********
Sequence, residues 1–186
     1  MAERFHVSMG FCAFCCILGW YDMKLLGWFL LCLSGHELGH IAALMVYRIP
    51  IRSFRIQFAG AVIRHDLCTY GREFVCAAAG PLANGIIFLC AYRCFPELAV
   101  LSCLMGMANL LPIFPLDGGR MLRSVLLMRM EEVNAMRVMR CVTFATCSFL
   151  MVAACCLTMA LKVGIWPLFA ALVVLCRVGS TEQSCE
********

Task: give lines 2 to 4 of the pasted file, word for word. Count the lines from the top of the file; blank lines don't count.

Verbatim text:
     1  MAERFHVSMG FCAFCCILGW YDMKLLGWFL LCLSGHELGH IAALMVYRIP
    51  IRSFRIQFAG AVIRHDLCTY GREFVCAAAG PLANGIIFLC AYRCFPELAV
   101  LSCLMGMANL LPIFPLDGGR MLRSVLLMRM EEVNAMRVMR CVTFATCSFL